I had my annual physical yesterday with my primary care physician, whom I’ve been going to for over 20 years. I like her because she takes time to talk to me and check in on my emotional and mental state rather than focus solely on my physical ailments. She was happy and excited to learn I had graduated from nursing school. She asked whether I planned to have more kids. I shared my anxiety over my ability to have another healthy child at my advanced maternal age. I started to talk about parenting and the guilt I feel about being an older mom to my daughter. She knows me well, however, and knows I can be overly critical of myself.
I responded that this was the problem with being a perfectionist; I recognize I can be needlessly hard on myself. She declared, “I want to eliminate the word ‘perfectionist.’ What if we replaced perfectionist with ‘overly critical’? No one wants to be overly critical!”
I tried to explain I am not proud to be a perfectionist and am trying to change. Still, I shared how my perfectionist attitude got me through pre-requisites and helped me complete a competitive accelerated nursing program. She shared how she can relate to this and proceeded to tell her story when she was younger.
When she was in medical school, residents were required to go to counseling. She met with the counselor, who eventually noted, “You have a harsh critic inside, don’t you?” The counselor encouraged her not to be so critical, “You don’t yell and scream at a two-year-old to learn their alphabet. You don’t yell and scream at a toddler to get them to walk. You don’t have to be so difficult on yourself”. My doctor defiantly declared to her counselor that she had no intention to change since her harsh critic served her well. My doctor rationalized to her counselor that she accomplished her goals and got to medical school because of her “harsh critic.” Her counselor responded that she didn’t do those things BECAUSE of her harsh critic; she completed those things DESPITE her.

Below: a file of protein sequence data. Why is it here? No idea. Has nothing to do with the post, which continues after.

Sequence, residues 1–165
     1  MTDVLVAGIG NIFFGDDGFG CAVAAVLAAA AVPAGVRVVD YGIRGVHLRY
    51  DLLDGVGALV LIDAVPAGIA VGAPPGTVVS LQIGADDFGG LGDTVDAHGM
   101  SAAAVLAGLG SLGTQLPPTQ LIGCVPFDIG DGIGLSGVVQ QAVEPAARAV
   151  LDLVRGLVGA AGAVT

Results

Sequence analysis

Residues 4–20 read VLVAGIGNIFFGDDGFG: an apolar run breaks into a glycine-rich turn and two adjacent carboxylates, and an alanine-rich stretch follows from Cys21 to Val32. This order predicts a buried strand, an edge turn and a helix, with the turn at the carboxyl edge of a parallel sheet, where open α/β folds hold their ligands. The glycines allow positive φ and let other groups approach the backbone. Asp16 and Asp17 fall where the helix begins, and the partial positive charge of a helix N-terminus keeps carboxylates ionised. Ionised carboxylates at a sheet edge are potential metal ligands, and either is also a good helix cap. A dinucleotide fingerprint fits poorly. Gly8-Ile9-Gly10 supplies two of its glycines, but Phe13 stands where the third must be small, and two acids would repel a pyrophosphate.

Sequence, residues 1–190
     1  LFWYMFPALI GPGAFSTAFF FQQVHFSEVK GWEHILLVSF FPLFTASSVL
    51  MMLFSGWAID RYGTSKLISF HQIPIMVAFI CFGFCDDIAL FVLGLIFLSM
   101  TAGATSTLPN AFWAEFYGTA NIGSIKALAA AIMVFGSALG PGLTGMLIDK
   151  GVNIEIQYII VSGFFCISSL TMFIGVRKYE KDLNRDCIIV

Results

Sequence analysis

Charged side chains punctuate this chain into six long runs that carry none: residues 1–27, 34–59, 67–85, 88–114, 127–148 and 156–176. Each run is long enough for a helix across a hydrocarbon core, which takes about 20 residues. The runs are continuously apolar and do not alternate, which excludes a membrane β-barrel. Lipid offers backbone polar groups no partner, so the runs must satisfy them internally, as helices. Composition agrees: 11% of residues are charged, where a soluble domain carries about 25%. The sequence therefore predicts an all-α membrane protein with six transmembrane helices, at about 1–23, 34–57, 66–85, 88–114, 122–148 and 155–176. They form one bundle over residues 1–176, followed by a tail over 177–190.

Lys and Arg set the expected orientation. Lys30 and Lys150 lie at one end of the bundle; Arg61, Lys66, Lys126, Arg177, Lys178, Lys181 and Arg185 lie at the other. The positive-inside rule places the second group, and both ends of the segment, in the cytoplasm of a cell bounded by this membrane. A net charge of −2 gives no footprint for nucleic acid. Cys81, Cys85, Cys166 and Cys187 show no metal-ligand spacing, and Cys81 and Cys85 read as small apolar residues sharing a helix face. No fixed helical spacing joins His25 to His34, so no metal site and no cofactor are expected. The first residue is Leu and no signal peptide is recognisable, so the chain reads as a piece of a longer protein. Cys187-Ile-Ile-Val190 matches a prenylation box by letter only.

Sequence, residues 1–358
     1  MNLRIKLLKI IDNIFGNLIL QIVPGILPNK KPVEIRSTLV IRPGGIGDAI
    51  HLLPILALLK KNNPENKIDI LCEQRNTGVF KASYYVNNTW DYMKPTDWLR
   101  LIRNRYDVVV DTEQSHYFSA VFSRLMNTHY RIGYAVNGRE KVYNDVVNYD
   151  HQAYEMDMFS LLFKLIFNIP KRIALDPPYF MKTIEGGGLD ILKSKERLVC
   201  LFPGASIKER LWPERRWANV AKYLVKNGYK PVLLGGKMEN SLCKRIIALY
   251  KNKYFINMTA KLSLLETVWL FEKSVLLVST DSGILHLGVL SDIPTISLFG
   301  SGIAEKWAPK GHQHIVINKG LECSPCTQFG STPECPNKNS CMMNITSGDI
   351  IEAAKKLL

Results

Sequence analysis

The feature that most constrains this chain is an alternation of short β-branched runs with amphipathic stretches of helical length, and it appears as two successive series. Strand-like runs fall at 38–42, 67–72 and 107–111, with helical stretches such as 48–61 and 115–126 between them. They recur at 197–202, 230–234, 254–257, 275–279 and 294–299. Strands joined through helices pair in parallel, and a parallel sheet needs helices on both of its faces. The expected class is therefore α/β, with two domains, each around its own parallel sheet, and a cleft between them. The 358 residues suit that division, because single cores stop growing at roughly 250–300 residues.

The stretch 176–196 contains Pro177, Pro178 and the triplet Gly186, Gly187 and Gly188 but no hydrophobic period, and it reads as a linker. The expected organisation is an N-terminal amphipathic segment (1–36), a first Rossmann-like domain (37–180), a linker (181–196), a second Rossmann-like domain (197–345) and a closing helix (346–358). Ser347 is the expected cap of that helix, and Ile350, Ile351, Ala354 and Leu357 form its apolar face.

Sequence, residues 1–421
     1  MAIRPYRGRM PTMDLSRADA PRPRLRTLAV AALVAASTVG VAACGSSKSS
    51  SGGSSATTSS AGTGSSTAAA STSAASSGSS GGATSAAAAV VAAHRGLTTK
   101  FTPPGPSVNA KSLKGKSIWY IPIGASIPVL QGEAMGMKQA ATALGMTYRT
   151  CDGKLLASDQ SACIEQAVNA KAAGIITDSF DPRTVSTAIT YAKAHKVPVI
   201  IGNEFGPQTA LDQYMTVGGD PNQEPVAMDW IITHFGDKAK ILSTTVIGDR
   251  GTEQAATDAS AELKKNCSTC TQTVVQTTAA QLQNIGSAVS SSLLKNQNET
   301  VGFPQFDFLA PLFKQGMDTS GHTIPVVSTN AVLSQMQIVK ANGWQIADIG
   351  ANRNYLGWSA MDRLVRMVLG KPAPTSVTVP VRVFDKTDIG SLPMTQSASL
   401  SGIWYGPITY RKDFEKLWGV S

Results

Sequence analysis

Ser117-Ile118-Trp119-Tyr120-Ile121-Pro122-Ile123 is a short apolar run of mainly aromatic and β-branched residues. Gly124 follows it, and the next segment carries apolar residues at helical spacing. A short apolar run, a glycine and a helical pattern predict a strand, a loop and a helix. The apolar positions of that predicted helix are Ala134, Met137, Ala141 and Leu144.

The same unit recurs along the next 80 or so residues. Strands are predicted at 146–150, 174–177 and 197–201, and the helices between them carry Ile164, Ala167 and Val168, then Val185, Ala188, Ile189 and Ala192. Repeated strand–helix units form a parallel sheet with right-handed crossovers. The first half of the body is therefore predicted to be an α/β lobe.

I appreciated my doctor’s story because it paints an alternative to being “overly critical.” As a parent, I can relate to the patience and compassion needed to teach a child a new skill. I could scream and make my daughter cry about brushing and flossing her teeth, for instance, but there are other ways I can guide and encourage her. In the same way, I can choose different ways to talk to and motivate myself. I don’t have to suffer so much by my internal critic or be perfect to achieve my goals.
I have had to consciously and regularly examine the toll of aiming for perfection in nursing school. I shared how I would reason, “I could kill myself to get 100% on a care plan, or, I could spend more time with my family and get a 93%.” After hearing this, my doctor exclaimed, “Perfect is the enemy of good.” She echoed what I have struggled to remind myself over the years.
There’s a book entitled “Good to Great” by James C. Collins that my pastor talked about during one of his homilies years ago. From it, my pastor learned and shared, “Good is the enemy of great.” I never got around to reading the best-selling book, but that message stuck with me: I would challenge myself to do better. I’d ask myself if my work or actions were the best I could do. At some point, however, I’d get discouraged and have an all-or-nothing attitude. If I couldn’t do things as well as I thought I should, I didn’t want to do it at all, or I’d scrap an entire project. I’d be ashamed of myself and compare myself to others. Striving to be perfect, I would feel frustrated, resentful, and spent. However, years since that homily, I’ve often thought, “Perfect is the enemy of good enough.”
While I do not advocate living one’s life by always doing only the bare minimum, sometimes the bare minimum maintains my sanity. “Good enough” has allowed me to survive and move forward from perceived failure. I’m learning to ask myself more often, “What’s it going to take?” and “Is it worth it?” (like in writing dreaded care plans) or “How can I approach this without so much suffering”? I still need reminders to be gentle with myself and that not everything has to be perfect to be great, so it was nice to hear my doctor affirm my previous thought.
I appreciated my doctor taking the time to remind me: perfect is the enemy of good. No one is perfect. Humans are imperfect and fallible, and it’s our struggles that lead to our growth…And sometimes, “good enough” is pretty frickin’ remarkable.